Extensive problem

But water sources near Yanacocha are not the only ones impacted by the Peruvian mining industry. According to the report "State of Water Management in Mining: The Peruvian Case" by environmental consultant Doris Balvín, there is water contamination in the southern departments of Moquegua and Ica, the central highland department of Junin, and the southeastern jungle department of Madre de Dios.

"Southern Peru Copper Corporation’s impact on the Moquegua and Locumba river basins has been drastic since it began its activities 56 years ago," the report stated. "The open pit Toquepala [in southern Tacna] and Cuajone [in Moquegua] mines require large amounts of water and generate an enormous quantity of waste that is circulated throughout the basin."

Studies conducted in the area in 1991 on the company revealed high concentrations of arsenic, cadmium, lead, copper, chromium and cyanide over the country’s legal limit for recreational and commercial fishing areas and in aquatic wildlife preserves.

Another study showed that the start-up of the Quellaveco mine, near the headwaters of the Asana River in Moquegua, would reduce water resources in the adjacent basins because of the extraction of underground water in the Chilota area.

The Yauli River, part of the Mantaro basin in Junin, home to the Doe Run metallurgical plant, has shown high levels of heavy metals exceeding permissible standards in.

As a result, the mining industry has become extremely mistrusted, especially in Peru’s highlands, where much of the country’s mining activities take place.

The Ministry of Energy and Mines identified more than 600 environmental liabilities in 2003, requiring a $200 million-cleanup. This year, the number of cases has reached 850. According to FONAM, however, the number is close to 2,000 cases in 66 basins, meaning a $474-million-cleanup, for which the companies themselves must pay, or the government, if the owners cannot be identified. "Reparations of the mining environmental liabilities must be paid," said Julia Justo Soto, FONAM’s executive director, adding that mining companies only manage water on a limited level. "To not pay would create negative impacts, and in turn, give mining a bad image."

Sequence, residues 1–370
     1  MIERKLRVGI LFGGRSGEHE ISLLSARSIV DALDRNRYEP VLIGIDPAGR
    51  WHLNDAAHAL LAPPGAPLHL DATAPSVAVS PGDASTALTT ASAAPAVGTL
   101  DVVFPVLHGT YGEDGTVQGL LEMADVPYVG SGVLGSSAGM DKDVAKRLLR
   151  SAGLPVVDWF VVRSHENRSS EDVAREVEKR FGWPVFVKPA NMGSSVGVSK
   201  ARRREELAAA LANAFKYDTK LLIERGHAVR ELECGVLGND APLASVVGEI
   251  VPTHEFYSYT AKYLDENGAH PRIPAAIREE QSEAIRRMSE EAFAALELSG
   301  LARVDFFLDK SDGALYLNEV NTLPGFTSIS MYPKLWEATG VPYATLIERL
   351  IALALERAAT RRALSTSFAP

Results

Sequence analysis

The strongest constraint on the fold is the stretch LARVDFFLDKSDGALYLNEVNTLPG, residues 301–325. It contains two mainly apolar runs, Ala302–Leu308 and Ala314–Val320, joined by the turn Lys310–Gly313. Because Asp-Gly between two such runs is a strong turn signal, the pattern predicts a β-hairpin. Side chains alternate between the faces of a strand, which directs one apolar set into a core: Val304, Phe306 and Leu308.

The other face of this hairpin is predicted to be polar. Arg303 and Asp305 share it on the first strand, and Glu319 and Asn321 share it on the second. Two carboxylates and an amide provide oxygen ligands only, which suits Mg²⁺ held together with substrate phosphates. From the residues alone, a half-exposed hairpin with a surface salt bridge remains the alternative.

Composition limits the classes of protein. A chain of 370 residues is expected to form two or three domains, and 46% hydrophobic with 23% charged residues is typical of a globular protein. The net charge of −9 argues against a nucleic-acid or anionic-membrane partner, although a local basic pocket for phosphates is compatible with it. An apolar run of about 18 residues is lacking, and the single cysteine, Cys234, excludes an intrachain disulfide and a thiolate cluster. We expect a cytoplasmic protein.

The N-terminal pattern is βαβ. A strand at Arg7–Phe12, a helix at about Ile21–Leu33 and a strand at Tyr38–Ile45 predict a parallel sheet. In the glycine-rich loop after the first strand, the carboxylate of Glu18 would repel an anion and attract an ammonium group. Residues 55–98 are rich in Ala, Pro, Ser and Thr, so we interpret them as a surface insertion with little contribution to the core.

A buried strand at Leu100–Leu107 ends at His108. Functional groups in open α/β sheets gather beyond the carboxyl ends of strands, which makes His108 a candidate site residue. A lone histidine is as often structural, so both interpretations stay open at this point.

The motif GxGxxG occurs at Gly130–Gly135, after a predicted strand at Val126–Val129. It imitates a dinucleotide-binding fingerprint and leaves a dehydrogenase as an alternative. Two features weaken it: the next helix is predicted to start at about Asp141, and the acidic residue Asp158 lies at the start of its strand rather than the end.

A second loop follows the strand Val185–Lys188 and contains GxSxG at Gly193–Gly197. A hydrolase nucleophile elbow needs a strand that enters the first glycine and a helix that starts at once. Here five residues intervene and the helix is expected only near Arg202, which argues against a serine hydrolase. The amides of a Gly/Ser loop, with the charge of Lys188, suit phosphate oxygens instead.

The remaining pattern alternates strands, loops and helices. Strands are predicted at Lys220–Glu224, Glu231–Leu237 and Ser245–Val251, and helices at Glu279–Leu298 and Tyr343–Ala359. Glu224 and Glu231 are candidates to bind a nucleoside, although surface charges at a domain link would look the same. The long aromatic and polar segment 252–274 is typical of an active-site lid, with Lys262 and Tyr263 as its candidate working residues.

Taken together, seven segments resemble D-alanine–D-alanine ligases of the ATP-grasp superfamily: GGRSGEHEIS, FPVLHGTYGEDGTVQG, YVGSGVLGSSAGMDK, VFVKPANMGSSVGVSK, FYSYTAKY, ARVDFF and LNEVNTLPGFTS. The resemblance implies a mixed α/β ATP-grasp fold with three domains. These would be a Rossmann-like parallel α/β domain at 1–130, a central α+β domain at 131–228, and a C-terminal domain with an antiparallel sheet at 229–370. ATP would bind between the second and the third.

Despite the economic boom these mining companies are enjoying, the environmental and social impacts caused by this industry continue unabated as neither the companies nor the state have done much to stop it.

Even though Peru is the largest producer of gold and the second-largest producer of silver and copper in Latin America, environmental and social sustainability are far from being a reality.

The government’s role is vital to spark development initiatives in mining regions. Illustrating the disparity between the lucrative industry’s profits and development, Yanacocha registered earnings of $204 million in the second quarter of 2006, while 77.4 percent of the population of the Cajamarca department lives in poverty.

Father Arana says he hopes that at some point in the future "not only will we be talking in Peru or Cajamarca about the success of mining companies, but also of the opportunity to improve quality of life in all populations."

Development for all?

Environmental liabilities